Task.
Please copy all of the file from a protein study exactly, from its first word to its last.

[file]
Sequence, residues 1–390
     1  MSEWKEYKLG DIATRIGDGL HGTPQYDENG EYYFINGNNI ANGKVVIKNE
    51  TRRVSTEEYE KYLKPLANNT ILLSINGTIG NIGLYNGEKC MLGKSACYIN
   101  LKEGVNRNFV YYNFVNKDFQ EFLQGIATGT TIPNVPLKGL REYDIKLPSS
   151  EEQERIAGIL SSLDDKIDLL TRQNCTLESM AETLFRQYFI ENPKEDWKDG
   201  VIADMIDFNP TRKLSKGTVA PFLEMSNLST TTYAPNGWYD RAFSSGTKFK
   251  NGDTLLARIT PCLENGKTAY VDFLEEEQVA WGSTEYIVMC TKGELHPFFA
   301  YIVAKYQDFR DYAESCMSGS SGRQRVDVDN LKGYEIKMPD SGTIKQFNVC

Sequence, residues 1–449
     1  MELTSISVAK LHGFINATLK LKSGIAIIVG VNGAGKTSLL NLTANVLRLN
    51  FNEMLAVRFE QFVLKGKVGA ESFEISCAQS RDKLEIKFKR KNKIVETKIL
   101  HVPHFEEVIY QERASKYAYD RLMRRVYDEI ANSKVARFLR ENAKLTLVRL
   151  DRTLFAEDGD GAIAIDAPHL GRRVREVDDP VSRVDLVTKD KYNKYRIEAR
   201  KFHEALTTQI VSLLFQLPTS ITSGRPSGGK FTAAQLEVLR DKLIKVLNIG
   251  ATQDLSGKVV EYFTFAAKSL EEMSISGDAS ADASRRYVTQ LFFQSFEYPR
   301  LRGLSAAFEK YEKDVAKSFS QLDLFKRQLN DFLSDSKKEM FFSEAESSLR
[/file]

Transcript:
Sequence, residues 1–390
     1  MSEWKEYKLG DIATRIGDGL HGTPQYDENG EYYFINGNNI ANGKVVIKNE
    51  TRRVSTEEYE KYLKPLANNT ILLSINGTIG NIGLYNGEKC MLGKSACYIN
   101  LKEGVNRNFV YYNFVNKDFQ EFLQGIATGT TIPNVPLKGL REYDIKLPSS
   151  EEQERIAGIL SSLDDKIDLL TRQNCTLESM AETLFRQYFI ENPKEDWKDG
   201  VIADMIDFNP TRKLSKGTVA PFLEMSNLST TTYAPNGWYD RAFSSGTKFK
   251  NGDTLLARIT PCLENGKTAY VDFLEEEQVA WGSTEYIVMC TKGELHPFFA
   301  YIVAKYQDFR DYAESCMSGS SGRQRVDVDN LKGYEIKMPD SGTIKQFNVC

Sequence, residues 1–449
     1  MELTSISVAK LHGFINATLK LKSGIAIIVG VNGAGKTSLL NLTANVLRLN
    51  FNEMLAVRFE QFVLKGKVGA ESFEISCAQS RDKLEIKFKR KNKIVETKIL
   101  HVPHFEEVIY QERASKYAYD RLMRRVYDEI ANSKVARFLR ENAKLTLVRL
   151  DRTLFAEDGD GAIAIDAPHL GRRVREVDDP VSRVDLVTKD KYNKYRIEAR
   201  KFHEALTTQI VSLLFQLPTS ITSGRPSGGK FTAAQLEVLR DKLIKVLNIG
   251  ATQDLSGKVV EYFTFAAKSL EEMSISGDAS ADASRRYVTQ LFFQSFEYPR
   301  LRGLSAAFEK YEKDVAKSFS QLDLFKRQLN DFLSDSKKEM FFSEAESSLR